Wednesday, January 07, 2009

The Four Albums I Loved in 2008

  • Opio's Vulture's Wisdom Volume One
    I don't know about you, but I felt incredibly burned by Souls of Mischief's No Man's Land. So much so, that I played the Hiero crew rather distant ever since. Sure, I kept up with whatever they were doing, but I certainly didn't feel like buying anything from 'em. This post at UGSMAG turned me around. You and I know that the game has changed, so it's not uncommon to see these guerrilla-style videos posted all over YouTube. I can't put my finger on it, but I found "Original Lyricist" very refreshing – very off-the-cuff, and I'm talking about both the video and the song. Dude's exiting a Raiders game, rhyming about how dope he is/how you can't even come close, over this chaotic beat. How can you go wrong? I think you also have to give props to whomever edited that vid, too.
    Having checked the rest of the videos, I remembered seeing the CD at the Polo Park HMV and copped it as soon as I got a chance. Fourteen tracks at a breezy 39 minutes, all about lyrical superiority and mackin' on honeys internationally. A huge nod goes out to The Architect for creating a bouncy, layered soundscape full of movie dialogue, scratches and trippy keyboards. That dude's one to watch, f'real.
  • The Walkmen's You & Me
    I heard a number of rumblings about this album being a return to the energy and feel of their first two albums. I kinda see that, except there are no scorchers like "The Rat" and "Little House of Savages". If anything, this album is a slow, warm burn full of visions of traveling and regrets. My favorite moment with a song from this album came last month, as I was making my way through Portage Place and its aged food court. I use that place as a thoroughfare more than a destination, so I wasn't in the best of moods as I walked. At this time "Four Provinces" came up randomly on my iPod, and all the retail chaos around me melted, as Hamilton's voice accompanied by a single guitar sent me to a happier place. That's exactly what the best art does for me...I get transported.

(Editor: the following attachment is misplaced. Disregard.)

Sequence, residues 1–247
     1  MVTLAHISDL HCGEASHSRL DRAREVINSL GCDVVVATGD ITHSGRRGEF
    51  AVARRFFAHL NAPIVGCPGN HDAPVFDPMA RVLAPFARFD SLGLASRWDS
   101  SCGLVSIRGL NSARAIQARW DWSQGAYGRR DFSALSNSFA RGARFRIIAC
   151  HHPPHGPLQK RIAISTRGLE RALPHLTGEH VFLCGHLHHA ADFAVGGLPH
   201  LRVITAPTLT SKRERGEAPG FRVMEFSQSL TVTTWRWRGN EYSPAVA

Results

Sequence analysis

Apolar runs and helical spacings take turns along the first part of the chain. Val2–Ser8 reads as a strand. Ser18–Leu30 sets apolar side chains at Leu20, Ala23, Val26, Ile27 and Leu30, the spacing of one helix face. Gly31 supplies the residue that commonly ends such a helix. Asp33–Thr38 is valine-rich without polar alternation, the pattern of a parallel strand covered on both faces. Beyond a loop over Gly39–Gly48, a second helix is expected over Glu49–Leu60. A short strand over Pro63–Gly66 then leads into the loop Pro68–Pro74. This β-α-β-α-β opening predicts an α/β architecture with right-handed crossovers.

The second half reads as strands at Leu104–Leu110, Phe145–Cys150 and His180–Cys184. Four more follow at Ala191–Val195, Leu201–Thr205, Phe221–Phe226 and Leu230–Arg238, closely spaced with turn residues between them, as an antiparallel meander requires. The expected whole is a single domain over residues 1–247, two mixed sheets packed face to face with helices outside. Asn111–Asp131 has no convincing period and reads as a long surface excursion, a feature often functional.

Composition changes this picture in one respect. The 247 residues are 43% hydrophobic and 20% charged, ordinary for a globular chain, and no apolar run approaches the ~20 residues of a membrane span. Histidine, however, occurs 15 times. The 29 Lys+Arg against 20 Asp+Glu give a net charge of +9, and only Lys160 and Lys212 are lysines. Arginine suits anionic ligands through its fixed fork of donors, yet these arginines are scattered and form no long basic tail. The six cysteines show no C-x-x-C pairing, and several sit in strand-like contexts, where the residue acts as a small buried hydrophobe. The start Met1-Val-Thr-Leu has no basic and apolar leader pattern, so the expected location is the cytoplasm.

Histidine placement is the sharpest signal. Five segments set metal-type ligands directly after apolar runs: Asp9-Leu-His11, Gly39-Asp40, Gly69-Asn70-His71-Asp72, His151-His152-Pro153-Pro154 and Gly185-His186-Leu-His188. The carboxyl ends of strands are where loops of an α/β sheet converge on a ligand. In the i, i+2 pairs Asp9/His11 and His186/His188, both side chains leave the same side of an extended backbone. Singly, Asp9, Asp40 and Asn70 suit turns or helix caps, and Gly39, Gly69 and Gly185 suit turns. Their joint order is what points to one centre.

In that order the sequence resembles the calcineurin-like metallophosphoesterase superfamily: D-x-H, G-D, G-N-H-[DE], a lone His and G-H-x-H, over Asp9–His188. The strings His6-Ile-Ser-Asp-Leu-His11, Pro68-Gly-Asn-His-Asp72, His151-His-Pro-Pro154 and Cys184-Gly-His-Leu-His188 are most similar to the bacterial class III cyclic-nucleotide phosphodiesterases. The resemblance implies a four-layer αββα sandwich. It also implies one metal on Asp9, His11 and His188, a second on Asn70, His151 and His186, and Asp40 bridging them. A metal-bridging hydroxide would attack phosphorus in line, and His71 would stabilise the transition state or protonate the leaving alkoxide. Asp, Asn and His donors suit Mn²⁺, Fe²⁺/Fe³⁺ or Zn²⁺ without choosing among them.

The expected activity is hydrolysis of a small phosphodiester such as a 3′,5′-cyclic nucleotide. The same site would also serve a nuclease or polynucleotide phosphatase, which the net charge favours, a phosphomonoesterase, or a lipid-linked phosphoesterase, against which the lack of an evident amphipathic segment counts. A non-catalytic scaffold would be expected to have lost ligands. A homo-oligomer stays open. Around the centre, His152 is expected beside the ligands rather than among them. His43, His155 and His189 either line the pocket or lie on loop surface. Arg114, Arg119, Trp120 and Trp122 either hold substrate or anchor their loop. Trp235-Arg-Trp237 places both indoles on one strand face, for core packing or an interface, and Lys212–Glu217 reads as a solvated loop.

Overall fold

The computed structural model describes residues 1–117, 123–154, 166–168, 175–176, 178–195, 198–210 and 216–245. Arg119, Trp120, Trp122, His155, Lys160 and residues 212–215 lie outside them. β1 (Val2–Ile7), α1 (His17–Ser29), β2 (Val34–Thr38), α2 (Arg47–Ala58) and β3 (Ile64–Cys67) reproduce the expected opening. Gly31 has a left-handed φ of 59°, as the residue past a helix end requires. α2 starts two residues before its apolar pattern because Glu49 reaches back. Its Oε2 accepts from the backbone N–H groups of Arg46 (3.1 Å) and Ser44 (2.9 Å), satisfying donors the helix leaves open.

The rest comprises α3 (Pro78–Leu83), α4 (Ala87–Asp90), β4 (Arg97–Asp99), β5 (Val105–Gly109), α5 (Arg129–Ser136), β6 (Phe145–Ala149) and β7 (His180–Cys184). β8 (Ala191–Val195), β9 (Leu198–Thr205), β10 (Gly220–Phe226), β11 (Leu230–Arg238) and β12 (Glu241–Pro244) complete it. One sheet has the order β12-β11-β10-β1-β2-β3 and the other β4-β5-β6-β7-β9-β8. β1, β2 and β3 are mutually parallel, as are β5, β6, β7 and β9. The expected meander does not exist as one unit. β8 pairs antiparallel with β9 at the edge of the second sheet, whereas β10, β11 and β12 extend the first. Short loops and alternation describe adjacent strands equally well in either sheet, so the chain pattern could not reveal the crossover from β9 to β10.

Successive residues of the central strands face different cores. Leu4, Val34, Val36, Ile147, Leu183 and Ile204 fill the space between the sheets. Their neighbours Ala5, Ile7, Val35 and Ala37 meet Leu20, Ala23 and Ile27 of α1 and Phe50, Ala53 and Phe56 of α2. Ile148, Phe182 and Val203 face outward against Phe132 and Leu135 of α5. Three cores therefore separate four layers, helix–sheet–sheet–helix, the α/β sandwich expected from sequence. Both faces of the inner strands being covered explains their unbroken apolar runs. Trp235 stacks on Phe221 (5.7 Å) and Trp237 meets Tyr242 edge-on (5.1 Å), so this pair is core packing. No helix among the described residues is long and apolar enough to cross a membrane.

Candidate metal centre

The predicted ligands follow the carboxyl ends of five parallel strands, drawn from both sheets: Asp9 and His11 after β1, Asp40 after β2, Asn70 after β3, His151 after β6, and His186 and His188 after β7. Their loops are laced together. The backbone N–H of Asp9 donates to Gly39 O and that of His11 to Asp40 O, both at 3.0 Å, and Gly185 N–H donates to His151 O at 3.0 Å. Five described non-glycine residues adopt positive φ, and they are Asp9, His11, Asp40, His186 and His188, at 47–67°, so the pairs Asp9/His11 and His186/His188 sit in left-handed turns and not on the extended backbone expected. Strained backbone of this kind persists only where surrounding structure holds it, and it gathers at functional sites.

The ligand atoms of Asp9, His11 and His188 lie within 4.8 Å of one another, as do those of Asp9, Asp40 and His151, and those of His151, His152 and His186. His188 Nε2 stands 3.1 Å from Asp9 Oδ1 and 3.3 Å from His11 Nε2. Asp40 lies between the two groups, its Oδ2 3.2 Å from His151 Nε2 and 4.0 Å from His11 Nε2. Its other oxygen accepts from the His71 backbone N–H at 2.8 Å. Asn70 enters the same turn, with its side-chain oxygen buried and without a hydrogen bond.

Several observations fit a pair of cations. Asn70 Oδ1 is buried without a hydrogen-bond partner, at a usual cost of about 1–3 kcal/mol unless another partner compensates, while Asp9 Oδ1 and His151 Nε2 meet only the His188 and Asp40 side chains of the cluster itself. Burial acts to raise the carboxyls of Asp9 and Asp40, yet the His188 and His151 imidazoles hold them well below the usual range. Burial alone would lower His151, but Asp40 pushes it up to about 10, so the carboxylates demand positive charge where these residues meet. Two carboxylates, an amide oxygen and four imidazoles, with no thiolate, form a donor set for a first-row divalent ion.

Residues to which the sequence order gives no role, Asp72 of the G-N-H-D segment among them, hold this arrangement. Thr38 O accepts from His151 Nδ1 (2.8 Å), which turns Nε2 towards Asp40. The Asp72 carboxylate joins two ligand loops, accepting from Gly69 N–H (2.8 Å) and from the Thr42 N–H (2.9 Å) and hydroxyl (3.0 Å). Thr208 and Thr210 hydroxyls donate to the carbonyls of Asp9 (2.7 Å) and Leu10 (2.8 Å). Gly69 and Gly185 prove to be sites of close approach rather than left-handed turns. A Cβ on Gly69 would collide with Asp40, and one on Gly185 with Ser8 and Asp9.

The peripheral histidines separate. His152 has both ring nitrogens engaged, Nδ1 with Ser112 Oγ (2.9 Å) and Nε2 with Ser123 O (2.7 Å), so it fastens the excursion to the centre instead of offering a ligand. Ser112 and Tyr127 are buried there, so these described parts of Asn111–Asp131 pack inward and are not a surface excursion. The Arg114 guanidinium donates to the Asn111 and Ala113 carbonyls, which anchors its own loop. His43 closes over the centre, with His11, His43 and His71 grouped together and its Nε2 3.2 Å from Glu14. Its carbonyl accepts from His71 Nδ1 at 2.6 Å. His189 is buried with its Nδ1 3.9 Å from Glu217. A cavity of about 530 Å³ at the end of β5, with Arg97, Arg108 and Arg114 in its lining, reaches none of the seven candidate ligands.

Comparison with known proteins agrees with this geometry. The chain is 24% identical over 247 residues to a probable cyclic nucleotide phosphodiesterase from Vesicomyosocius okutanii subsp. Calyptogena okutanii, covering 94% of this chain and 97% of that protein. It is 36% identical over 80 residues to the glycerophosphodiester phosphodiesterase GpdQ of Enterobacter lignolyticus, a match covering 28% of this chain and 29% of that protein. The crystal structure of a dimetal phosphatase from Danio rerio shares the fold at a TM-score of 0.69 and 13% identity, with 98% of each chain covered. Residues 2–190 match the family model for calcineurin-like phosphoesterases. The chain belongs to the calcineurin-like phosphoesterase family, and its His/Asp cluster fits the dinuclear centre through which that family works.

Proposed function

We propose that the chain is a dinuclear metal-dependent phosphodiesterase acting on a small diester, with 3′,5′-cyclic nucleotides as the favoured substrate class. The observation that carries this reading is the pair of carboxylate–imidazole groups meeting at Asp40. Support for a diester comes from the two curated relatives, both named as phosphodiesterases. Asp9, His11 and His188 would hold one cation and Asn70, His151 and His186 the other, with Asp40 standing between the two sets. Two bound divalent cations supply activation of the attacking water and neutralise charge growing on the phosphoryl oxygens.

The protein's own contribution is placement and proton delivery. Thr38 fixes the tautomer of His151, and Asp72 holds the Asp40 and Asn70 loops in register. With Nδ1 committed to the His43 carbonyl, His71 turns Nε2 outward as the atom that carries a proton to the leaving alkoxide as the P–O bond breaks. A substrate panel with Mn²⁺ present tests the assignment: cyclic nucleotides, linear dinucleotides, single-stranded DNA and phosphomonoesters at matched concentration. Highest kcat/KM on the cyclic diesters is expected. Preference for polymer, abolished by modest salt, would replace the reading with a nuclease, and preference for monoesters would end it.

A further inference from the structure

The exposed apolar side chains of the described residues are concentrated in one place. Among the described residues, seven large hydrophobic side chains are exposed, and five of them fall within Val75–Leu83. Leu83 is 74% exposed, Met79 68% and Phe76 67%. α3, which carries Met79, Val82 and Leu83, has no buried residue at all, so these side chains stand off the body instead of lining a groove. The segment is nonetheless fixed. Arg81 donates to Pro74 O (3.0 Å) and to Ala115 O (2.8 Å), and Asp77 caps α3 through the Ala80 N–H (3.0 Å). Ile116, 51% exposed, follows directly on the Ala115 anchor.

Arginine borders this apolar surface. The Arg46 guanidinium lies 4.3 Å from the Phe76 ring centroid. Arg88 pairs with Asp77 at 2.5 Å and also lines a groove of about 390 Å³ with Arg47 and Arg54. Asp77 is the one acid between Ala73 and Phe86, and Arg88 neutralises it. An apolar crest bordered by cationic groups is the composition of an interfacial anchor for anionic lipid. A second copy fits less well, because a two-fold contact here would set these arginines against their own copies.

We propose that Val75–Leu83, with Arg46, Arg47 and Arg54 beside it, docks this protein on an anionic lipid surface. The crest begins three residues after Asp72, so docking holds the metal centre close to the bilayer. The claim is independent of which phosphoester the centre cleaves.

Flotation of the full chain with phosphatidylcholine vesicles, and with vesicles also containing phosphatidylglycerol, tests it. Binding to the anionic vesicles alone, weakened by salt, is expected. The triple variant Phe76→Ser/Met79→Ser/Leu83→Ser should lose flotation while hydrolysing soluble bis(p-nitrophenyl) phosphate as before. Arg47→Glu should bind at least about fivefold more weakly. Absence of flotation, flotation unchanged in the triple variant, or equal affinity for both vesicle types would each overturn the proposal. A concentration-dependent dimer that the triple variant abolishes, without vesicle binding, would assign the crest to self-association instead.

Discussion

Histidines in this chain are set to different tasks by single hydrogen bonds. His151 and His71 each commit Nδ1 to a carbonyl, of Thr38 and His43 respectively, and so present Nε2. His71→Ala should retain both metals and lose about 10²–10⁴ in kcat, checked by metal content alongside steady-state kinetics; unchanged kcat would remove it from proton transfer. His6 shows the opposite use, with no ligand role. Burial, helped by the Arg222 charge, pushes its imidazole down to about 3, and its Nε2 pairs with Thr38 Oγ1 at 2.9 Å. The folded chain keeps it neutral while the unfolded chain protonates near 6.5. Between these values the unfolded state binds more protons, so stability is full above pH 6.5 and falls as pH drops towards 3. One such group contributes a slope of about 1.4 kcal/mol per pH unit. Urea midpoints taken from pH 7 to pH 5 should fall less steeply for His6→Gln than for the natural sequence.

• The Roots' Rising Down
    Admittedly, I haven't listened to this album in several months. It seems that every Roots release since Things Fall Apart is doomed to be compared to it, or there's something riding on every new project. Internal conflict, label drama, whether Malik B. will be involved or all tends to overshadow the album (I'm pretty sure I've listened to Game Theory a total of 5 times). Plus, attention span sucks in a major way nowadays. Between buying physical releases, single tracks via iTunes and eMusic, and listening to way too many podcasts (I need something to make work go by faster), I can cram only so much in this dome of mine. And here's another thing: ?uesto's liner notes for this album? iTunes only. C'mon, man! That had me pretty pissed for a bit. The liner note experience is integral to a Roots album experience.*
    All that aside, this recording gave me two of my favorite musical moments in '08: Peedi Crakk's verse on "Get Busy", and the scintillating blast that is "75 Bars". "Get Busy" was definitely a wise choice as far as lead singles go, because that joint is all business. An insistent ?uesto beat, Jazzy Jeff scratches, and ripping verses from Black Thought and Dice Raw. As most of you know, BT and Dice are no slouches on the mic. However, it's Peedi's verse that effortlessly steals the show. Truthfully...when is the last time you heard a verse that was worthy of a rewind? Yeah, I can't think of one, either. "75 Bars" is Black Thought as his rawest, and the joint is propelled by drums and tuba. TUBA. Think about that.
    Surrounding these two joints are the Roots' most solid tracks I've heard from this bunch in a long time. Nothing worth skipping.
  • Q-Tip's The Renaissance